On Thursday, October 21, Mossarat Qadeem, Executive Director of the PAIMAN Trust and SAVE Pakistan Coordinator, spoke on SAVE Pakistan’s activities and the vital role women can play in combating violent extremism at the Austrian Embassy in London. Dr. Emil Brix, Austrian Ambassador to the United Kingdom, hosted the event.
Ms. Qadeem, who has over twenty years of experience in working with susceptible youth in stricken regions in the Northwest Frontier and FATA provinces, spoke about her experiences and the best-practice strategies she has developed for combating violent extremism. Here are some of the most striking quotes from her presentation. To read a full summary of the presentation, including Mossarat's experience negotiating with the Taliban and the achievements of the PAIMAN Trust, go to the Women without Borders/SAVE website.
“Extremism in Pakistan is an external problem, because it is being imported by different groups from countries in the region. We have border disputes with India, and Afghanistan feels that Pakistan is responsible for what has been happening in Afghanistan today.”
“We are the victims of psychological warfare. There are different groups within the same religion, who belong to different schools of thought, playing against each other. Then there are the ethnic quarrels, and the social economic clash point – the “haves” against the “have-nots”. We usually lack access to proper knowledge, resources, and economic opportunity, and above all, in Pakistan the lack of awareness in the poorest regions has always been exploited.”
“30,000 people have already been killed because of this war on terror that we have become a part of, and 50,000 people are missing. The threat still looms that there may be a recurrence in Fatah and even in Swat and we fear that we are exporting extremism."
The role of women
“It is very important to concentrate on the role of women in their families and in
their communities. Women are extremely marginalized. They were not allowed
to go to school, and their mobility was highly restricted.”
“Now this is the important part. It was not possible to think that by empowering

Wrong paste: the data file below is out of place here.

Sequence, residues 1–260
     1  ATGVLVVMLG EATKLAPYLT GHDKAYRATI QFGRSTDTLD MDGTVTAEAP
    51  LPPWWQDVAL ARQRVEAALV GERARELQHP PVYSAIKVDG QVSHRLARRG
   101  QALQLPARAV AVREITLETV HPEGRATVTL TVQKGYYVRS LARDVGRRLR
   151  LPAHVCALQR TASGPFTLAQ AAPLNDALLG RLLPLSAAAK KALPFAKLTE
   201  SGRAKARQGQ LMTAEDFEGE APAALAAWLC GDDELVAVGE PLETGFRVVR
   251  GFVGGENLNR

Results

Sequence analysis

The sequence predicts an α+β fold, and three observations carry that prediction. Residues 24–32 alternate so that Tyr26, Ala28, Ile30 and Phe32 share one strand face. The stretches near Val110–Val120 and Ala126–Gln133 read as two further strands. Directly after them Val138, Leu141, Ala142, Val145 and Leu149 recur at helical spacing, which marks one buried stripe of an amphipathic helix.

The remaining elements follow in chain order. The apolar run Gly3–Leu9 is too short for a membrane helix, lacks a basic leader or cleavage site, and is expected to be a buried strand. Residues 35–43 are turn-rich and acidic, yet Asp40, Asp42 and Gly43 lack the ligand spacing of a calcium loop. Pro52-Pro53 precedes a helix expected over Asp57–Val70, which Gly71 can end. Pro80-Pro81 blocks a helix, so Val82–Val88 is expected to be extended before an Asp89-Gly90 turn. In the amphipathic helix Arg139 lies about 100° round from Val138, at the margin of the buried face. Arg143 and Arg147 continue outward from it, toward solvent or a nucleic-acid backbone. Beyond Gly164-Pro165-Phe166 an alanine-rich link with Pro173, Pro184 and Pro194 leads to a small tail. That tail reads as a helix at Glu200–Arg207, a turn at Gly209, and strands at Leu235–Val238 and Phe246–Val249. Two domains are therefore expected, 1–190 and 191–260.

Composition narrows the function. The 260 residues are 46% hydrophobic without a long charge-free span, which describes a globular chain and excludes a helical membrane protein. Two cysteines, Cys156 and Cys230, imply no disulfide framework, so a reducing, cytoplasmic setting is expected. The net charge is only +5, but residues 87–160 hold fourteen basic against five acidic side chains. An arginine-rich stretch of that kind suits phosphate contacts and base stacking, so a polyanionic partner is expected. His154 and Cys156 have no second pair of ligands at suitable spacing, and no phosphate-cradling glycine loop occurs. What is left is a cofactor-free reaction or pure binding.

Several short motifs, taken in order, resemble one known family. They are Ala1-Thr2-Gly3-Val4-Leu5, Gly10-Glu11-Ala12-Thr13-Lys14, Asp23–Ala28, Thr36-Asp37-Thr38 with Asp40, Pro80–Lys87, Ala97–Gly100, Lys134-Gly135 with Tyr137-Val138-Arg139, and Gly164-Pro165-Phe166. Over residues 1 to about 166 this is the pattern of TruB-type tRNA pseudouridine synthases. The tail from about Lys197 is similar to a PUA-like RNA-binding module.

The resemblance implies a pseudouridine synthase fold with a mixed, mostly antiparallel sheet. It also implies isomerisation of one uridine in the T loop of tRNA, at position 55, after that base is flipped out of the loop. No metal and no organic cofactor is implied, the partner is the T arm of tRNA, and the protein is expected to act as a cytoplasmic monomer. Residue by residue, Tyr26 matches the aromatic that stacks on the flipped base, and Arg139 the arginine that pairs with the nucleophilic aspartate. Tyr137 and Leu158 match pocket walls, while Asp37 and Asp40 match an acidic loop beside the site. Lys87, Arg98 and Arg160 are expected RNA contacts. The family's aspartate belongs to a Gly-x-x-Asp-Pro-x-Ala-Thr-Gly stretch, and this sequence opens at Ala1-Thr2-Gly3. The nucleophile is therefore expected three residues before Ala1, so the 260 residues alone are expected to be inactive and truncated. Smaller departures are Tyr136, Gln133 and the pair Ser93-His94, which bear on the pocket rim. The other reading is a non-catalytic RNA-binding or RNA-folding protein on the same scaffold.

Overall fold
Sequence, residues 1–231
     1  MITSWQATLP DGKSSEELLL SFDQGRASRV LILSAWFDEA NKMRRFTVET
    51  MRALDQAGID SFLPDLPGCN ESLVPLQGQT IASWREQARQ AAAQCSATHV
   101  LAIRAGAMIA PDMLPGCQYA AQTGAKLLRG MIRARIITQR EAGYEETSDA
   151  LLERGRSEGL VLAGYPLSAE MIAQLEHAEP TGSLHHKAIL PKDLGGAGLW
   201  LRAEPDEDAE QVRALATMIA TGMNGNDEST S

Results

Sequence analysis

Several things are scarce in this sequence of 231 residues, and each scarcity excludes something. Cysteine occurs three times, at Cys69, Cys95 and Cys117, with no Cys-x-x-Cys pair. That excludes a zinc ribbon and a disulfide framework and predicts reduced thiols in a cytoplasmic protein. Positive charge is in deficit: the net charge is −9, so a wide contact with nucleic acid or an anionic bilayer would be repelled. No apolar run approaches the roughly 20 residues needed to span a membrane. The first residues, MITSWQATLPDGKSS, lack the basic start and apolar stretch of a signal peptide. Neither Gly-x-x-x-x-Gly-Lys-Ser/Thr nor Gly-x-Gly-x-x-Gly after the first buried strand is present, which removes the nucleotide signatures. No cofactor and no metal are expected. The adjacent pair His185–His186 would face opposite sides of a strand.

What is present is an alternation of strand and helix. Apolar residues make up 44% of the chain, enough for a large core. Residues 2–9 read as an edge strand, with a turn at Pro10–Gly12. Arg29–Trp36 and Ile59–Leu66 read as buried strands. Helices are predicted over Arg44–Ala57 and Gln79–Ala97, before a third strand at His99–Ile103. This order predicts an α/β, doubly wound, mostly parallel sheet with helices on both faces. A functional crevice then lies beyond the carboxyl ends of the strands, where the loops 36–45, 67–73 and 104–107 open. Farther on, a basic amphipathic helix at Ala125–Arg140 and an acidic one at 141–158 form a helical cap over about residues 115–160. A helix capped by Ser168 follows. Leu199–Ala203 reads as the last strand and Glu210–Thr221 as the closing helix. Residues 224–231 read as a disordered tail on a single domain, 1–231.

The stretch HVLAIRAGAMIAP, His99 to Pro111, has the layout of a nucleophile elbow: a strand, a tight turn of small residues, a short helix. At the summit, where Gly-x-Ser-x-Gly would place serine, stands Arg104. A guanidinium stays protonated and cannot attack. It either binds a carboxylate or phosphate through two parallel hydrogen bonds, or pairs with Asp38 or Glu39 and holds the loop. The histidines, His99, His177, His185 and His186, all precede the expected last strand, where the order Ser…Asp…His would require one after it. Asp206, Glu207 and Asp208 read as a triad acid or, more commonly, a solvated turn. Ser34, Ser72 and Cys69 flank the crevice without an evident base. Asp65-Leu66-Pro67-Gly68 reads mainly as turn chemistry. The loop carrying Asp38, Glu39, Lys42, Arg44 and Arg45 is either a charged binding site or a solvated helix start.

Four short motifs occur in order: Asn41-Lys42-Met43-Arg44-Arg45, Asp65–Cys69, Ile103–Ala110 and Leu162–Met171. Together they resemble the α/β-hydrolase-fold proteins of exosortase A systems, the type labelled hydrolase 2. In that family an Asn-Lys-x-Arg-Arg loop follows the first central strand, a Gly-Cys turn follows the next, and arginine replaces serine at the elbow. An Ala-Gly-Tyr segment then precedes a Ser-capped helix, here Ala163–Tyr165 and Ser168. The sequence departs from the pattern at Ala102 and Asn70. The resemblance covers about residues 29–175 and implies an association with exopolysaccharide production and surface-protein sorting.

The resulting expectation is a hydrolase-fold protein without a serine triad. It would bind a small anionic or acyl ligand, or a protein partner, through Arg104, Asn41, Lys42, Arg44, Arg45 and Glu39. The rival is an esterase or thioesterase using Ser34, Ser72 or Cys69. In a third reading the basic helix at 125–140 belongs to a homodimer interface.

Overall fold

women, we really can end this. But believe me, it is possible. No one actually
recognizes the role of women. They are part of the problem so they can be part
of the solution.”
“Because of the restrictions on mobility we don't have the indigenous support;
people don't support women coming out of the house and playing a role in
rehabilitation, peacemaking and peace-building, so we lack skills as peace
nuilders and the knowledge to transform the conflict into something peaceful.
We lack these sources and of course, we lack the culture and a true leadership
that can support women to come out and help reintegration, rehabilitation, or
prevention of more people becoming radicalized and extremists.”
“We tried to analyze the role of women. Then we tried to strengthen the role women can play in combating extremism within the culture and society, where extremism has impacted everyone. We tried to convert weaknesses into strengths. We developed the need for peace from within. You cannot impose peace from outside, you have to build the need for peace from within that community, from within the individuals as instruments to end that violent extremism. We're also trying to provide a platform for women to act, to bring peace into their lives and into their communities. Under this program we have established a center for conflict resolution and peace building. We train male and female youths, not only from Universities but also women from the same community. So far, we have formed 70 youth groups, and we also have subsidised women. Women’s peace groups have formed - we have some 51 women’s peace groups in Fata. These peace practitioners work together at different levels in the same society. Through them we have been able to reach out to 35,000 male and female youth and over 2,000 women.”
“We have been directing these women on the impacts of extremism on their lives and on the lives of their male children. We explain to them that Islam has nothing to do with the extremists. Through one women’s group, we reached out to 75 boys. They were so disappointed with this whole situation, they thought they are being besieged by the extremists on 1 side and by their own mother on the other hand. But now they are with us; we're trying to give them working skills, skills that they asked for and we're also trying to give them direction.”
The role of men
“We need to educate the men in the family to accept women as peace builders. We may need to desensitize through disorientation sessions through the mullah in the mosque. We went to the mullah first and we put him to our side, then the elders in the community and neighbors. We tried to sensitize the children in the way that yes, we are going to talk about this, and we are going to be open about this.”
“A woman cannot go against the wishes of her husband, so we never worked that way. We work in a sensitive way, and we first make men understand that the role of a woman is very important, and they are still working for it.”
What you can do
“As far as resources, of course a lot of financial resource are needed, but otherwise you can support the women morally. Send them messages, because this is right now when they come to us. They are so disappointed, not only with themselves but with the whole society that they belong in. So, this acceptance is very, very important. So if you can just send these messages to these women so that they stay on guard, we will definitely forward that to them with translations.”